Latest News

Shifting Perceptions on Anchovies: A Tiny Powerhouse of Nutrition and Flavor

Oh, and I want no anchovies.  And I mean, no anchovies.  You put anchovies on this thing and you’re in big trouble, okay?!”  It was that day in 1990 when the Ninja Turtle Michelangelo implanted in the brains of countless children that anchovies = gross. But in 2013, we know better. Brimming with nutrients and omega-3s and low in mercury and calories, this little fish is an excellent option for boosting our diets.

Consumers are coming around on this abundant and nutritious fish.  It is delicious, relatively inexpensive, and versatile– perfect for any large-scale operation.   It can be used as a staple in healthy dishes, a unique and mouth-water hors d’oeuvre, or, yes: on a pizza.  Read on to learn why, on some occasions, it makes great business sense to ignore a giant talking turtle.

The anchovy love affair
Despite their mixed reputation in the States, this bite-size fish has been a staple in the diet of many cultures for thousands of years.  Romans had their garum, a highly prized condiment.  Koreans make kimchi with aek jeot.  Filipinos have patis.  Indonesians have used kecap ikan for centuries.  Vietnam has nuac mom while Thailand uses nam pla.  All usually contain anchovies.  They are still the backbone of many Italian recipes and are consumed with surprising regularity in France, Spain, and Portugal.  There are numerous ways to reap their delectable and nutritious properties, whether they come salty or fresh.  They can be lain on a bed of avocado and drizzled with a vinaigrette of black olives, tossed in a Mediterranean salad with parmesan and cherry tomatoes, sautéed with butter and garlic and placed on a bed of pasta with red peppers, or simply dosed with lemon juice and placed atop fresh arugula.  And oh so many more options.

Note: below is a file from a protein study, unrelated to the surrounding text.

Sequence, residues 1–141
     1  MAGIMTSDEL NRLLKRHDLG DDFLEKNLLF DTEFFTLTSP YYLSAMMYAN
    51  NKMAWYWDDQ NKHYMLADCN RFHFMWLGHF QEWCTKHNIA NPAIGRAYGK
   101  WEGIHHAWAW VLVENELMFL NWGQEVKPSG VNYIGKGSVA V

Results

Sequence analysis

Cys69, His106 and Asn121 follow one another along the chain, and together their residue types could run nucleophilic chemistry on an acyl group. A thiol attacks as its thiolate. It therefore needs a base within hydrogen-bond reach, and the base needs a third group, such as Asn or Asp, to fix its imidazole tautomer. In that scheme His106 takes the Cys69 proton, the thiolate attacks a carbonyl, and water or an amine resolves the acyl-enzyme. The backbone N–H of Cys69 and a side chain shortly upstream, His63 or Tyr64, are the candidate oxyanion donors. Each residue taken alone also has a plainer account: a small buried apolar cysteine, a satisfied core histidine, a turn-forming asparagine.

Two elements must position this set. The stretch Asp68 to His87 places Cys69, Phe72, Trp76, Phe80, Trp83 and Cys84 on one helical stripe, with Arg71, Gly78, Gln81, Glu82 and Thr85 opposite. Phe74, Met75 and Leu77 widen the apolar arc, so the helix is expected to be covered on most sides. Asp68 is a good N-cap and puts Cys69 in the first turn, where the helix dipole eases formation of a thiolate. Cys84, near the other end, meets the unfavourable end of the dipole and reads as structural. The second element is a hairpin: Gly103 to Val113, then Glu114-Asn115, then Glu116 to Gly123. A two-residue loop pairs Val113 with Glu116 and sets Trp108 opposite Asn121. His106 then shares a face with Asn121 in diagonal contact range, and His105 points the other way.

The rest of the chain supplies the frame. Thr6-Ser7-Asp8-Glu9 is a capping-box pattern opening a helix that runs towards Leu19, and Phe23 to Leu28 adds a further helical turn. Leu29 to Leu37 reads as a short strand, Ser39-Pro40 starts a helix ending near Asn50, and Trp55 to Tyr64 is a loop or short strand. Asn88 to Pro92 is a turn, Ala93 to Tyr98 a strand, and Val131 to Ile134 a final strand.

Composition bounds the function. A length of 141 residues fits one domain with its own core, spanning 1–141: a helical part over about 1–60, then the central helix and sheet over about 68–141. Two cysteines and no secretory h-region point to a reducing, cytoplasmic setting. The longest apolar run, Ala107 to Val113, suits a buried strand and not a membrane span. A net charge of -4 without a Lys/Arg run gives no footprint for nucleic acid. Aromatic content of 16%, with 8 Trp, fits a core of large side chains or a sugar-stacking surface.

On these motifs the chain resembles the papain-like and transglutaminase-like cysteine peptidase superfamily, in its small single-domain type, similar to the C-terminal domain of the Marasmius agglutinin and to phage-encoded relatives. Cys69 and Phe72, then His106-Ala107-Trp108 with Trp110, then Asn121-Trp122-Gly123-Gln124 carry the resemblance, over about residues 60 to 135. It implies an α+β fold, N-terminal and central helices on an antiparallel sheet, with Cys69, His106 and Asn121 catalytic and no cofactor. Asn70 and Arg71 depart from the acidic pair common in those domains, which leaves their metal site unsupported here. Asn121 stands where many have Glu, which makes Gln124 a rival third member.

Value as a food item
Only a fraction of the world’s anchovies are destined for the dinner plate.  Most of the total catch is processed into fishmeal and oil for use in animal feeds, food additives, fertilizers, and dietary supplements.  A recent study in Peru has shown that Peruvian fish are worth more as a food item than as fishmeal.  The Peruvian anchovy is the biggest fishery resource, with annual landings of 5-10 million metric tons.  This catch produces one-third of the world fishmeal supply.  The study, conducted by the Centre for Environmental Sustainability, calculated the economic impact of anchovy and found that the vast majority of the revenue and employment comes from bringing the little fish to the dinner table.  A campaign to encourage consumption of anchovies recently launched in Peru, focusing on providing recipes and promoting the health benefits, low cost and ease of preparation.

Anchovy: a superfood
Despite being a food phobia of many, these oily little fish have increasingly become exposed as a powerhouse for healthy living.  A 100g serving of anchovy meat can provide our bodies with 19 grams of protein, 77 grams of calcium, 3 milligrams of iron and plenty of omega-3s.  They are a rich source of the B vitamins niacin, riboflavin and vitamin B-12.  These vitamins play a vital role in energy production, neurological health, formation of red blood cells, digestions and can help maintain healthy skin, nerves and vision.  A 2-ounce serving of anchovies provides 26% of the daily recommended amount of iron, 16% for phosphorus and 10% for calcium and zinc.  These minerals are vital for bone, nerve and muscle health as well as glucose regulation, energy production, immune function, blood clotting and blood oxygenation.  Are you convinced yet?